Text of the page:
I think Left and Right are differing schools of answer to the same question:

    “Under what circumstances, and to what degrees, is it morally licit to use the power of the State to control, via the public declaration of what is forbidden or compulsory and public punishment for doing the former or not doing the latter, the behaviour of your fellow citizens?”

    Both Left and Right claim (many adherents often honestly) to favour the narrowest circumstances and the smallest degrees possible that are compatible with maximizing public weal. The biggest difference between Left and Right is:
    – The Right generally believes that public weal can and should be maximized by working towards the reduction of state power, because they believe that the personal choices of individuals are the most influential factor on their social prosperity and the State’s optimum function is to keep those individuals’ collisions to a minimum; while:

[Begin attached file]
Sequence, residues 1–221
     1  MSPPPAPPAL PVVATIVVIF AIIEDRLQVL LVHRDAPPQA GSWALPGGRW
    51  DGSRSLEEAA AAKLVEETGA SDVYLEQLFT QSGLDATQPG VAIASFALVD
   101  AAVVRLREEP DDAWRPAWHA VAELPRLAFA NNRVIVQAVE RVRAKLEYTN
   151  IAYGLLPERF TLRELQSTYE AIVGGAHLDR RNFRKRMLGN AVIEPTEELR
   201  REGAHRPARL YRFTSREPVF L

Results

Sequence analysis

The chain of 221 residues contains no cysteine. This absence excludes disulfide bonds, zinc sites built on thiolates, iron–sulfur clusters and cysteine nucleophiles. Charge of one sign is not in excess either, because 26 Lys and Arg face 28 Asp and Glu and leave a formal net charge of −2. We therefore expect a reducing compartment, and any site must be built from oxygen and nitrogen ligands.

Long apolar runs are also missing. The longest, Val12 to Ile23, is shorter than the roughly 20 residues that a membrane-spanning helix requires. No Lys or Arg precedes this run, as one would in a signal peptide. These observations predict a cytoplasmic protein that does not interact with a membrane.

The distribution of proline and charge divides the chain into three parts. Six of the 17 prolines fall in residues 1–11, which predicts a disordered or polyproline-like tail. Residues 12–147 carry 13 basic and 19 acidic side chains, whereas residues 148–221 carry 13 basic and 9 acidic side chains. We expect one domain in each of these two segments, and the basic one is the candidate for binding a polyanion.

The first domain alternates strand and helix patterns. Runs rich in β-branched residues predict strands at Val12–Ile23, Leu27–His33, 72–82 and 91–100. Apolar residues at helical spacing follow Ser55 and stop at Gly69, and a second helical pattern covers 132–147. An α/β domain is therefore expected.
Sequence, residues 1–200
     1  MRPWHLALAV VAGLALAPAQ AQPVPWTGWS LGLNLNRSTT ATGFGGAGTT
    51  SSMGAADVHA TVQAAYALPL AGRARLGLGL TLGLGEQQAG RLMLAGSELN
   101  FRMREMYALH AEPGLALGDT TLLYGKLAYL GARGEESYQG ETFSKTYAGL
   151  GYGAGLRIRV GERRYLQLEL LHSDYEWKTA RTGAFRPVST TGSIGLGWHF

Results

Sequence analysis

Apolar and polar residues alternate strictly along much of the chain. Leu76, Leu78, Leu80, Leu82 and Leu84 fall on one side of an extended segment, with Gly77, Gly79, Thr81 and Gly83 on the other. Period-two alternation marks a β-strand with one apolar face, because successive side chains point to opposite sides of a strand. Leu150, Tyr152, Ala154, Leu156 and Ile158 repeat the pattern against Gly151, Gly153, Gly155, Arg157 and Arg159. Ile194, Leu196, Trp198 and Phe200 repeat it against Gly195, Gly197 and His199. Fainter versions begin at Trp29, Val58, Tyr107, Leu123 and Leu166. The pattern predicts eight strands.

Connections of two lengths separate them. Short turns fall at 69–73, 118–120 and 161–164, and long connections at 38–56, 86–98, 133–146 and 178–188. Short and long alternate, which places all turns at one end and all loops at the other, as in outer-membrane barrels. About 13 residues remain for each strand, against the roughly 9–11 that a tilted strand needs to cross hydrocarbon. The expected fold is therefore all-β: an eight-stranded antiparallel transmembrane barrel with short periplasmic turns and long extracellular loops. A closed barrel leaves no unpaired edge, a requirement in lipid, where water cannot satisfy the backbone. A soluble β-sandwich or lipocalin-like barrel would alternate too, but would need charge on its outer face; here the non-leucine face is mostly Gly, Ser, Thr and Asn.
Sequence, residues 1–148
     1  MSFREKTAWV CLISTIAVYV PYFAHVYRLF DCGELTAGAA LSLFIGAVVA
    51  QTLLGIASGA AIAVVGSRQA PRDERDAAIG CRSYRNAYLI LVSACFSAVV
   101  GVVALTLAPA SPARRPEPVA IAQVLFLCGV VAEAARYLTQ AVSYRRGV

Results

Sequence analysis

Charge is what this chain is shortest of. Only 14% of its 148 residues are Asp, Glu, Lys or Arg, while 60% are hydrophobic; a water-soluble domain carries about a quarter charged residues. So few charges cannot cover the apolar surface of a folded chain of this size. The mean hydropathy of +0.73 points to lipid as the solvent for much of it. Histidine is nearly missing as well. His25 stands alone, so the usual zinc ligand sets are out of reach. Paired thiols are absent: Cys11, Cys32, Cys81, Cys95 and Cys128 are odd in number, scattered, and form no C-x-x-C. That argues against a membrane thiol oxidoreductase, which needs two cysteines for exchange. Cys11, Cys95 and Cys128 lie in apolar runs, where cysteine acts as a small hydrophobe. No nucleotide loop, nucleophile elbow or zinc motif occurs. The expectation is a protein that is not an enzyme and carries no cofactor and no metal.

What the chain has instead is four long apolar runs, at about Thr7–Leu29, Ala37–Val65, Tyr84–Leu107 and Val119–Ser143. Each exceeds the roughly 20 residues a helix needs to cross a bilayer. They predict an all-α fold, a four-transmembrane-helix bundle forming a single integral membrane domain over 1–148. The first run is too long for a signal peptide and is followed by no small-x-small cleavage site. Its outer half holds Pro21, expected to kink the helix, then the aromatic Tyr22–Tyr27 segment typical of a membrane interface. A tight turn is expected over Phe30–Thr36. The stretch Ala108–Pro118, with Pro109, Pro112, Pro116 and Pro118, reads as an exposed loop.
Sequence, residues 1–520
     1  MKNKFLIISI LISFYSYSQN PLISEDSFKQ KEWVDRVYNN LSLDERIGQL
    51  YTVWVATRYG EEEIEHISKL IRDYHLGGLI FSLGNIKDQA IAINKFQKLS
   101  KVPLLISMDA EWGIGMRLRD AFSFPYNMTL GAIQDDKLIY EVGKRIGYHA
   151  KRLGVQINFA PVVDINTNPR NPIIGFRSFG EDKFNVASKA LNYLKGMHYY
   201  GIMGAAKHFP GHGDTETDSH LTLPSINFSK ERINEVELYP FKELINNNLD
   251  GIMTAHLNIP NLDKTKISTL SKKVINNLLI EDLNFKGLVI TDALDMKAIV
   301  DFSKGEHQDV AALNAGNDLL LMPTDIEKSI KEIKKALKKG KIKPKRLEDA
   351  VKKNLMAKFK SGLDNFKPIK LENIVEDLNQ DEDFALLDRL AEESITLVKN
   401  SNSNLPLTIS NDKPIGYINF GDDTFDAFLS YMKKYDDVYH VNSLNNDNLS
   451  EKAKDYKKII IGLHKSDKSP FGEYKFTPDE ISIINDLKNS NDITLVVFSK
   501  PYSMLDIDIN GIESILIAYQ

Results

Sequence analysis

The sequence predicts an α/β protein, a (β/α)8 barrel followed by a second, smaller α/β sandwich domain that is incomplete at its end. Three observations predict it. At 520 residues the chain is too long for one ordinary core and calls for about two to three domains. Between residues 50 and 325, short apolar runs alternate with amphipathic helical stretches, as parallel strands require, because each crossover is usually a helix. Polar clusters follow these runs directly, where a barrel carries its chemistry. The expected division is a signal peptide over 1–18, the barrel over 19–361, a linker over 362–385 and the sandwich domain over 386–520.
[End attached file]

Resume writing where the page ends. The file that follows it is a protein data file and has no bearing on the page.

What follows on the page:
– The Left generally believes that maximizing public weal requires working (at least temporarily) towards the expansion of state power, because it believes that the impersonal conditions of society are the most influential factors on citizen prosperity and the State’s optimum function is to change those conditions in ways no lone individual can do.

    Each will have specific areas of policy which vary from their general norm (many who otherwise identify as conservatives are very keen on heavy state power in the areas of drug policing or anti-terrorism, and many progressives who otherwise favour heavily-controlled speech in both politics and art consider any attempt to restrict pornography as intolerable “government morality”), but I think this is an accurate generalization, or as accurate as any generalization can be.